Secondary metabolites are a diverse set of plant compounds believed to have numerous functions in plant-environment interactions. The large chemical diversity of secondary metabolites undoubtedly arises from an equally diverse set of enzymes responsible for their biosynthesis. However, little is known about the evolution of enzymes involved in secondary metabolism. We are studying the biosynthesis of glucosinolates, a large group of secondary metabolites, in Arabidopsis to investigate the evolution of enzymes involved in secondary metabolism. Arabidopsis contains natural variations in the presence of methylsulfinylalkyl, alkenyl, and hydroxyalkyl glucosinolates. In this article, we report the identification of genes encoding two 2-oxoglutarate--dependent dioxygenases that are responsible for this variation. These genes, AOP2 and AOP3, which map to the same position on chromosome IV, result from an apparent gene duplication and control the conversion of methylsulfinylalkyl glucosinolate to either the alkenyl or the hydroxyalkyl form. By heterologous expression in Escherichia and the correlation of gene expression patterns to the glucosinolate phenotype, we show that AOP2 catalyzes the conversion of methylsulfinylalkyl glucosinolates to alkenyl glucosinolates. Conversely, AOP3 directs the formation of hydroxyalkyl glucosinolates from methylsulfinylalkyl glucosinolates. No ecotype coexpressed both genes. Furthermore, the absence of functional AOP2 and AOP3 leads to the accumulation of the precursor methylsulfinylalkyl glucosinolates. A third member of this gene family, AOP1, is present in at least two forms and found in all ecotypes examined. However, its catalytic role is still uncertain.  (+info)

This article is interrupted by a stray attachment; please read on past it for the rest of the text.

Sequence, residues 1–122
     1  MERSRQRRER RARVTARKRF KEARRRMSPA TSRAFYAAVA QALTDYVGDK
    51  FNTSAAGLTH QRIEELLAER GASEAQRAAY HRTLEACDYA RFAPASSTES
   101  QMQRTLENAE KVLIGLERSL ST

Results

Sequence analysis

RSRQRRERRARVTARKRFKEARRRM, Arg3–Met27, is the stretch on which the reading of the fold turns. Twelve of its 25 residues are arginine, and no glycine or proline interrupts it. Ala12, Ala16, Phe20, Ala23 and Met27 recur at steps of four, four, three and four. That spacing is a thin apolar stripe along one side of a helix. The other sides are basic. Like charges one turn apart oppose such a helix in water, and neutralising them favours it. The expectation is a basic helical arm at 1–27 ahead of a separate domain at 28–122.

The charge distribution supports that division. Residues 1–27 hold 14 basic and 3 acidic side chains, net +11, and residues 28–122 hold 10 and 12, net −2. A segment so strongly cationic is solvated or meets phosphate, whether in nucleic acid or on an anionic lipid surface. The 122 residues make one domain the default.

Adenoviral gene transfer restores lysyl hydroxylase activity in type VI Ehlers-Danlos syndrome. (6/91)

Type VI Ehlers-Danlos syndrome is a disease characterized by disturbed lysine hydroxylation of collagen. The disease is caused by mutations in lysyl hydroxylase 1 gene and it affects several organs including the cardiovascular system, the joint and musculoskeletal system, and the skin. The skin of type VI Ehlers-Danlos syndrome patients is hyperelastic, scars easily, and heals slowly and poorly. We hypothesized that providing functional lysyl hydroxylase 1 gene to the fibroblasts in and around wounds in these patients would improve healing. In this study we tested the feasibility of transfer of the lysyl hydroxylase 1 gene into fibroblasts derived from rats and a type VI Ehlers-Danlos syndrome patient (in vitro) and into rat skin (in vivo). We first cloned human lysyl hydroxylase 1 cDNA into a recombinant adenoviral vector (Ad5RSV-LH). Transfection of human type VI Ehlers-Danlos syndrome fibroblasts (about 20% of normal lysyl hydroxylase 1 activity) with the vector increased lysyl hydroxylase 1 activity in these cells to near or greater levels than that of wild type, unaffected fibroblasts. The adenoviral vector successfully transfected rat fibroblasts producing both beta-galactosidase and lysyl hydroxylase 1 gene activity. We next expanded our studies to a rodent model. Intradermal injections of the vector to the abdominal skin of rats produced lysyl hydroxylase 1 mRNA and elevated lysyl hydroxylase 1 activity, in vivo. These data suggest the feasibility of gene replacement therapy to modify skin wound healing in type VI Ehlers-Danlos syndrome patients.  (+info)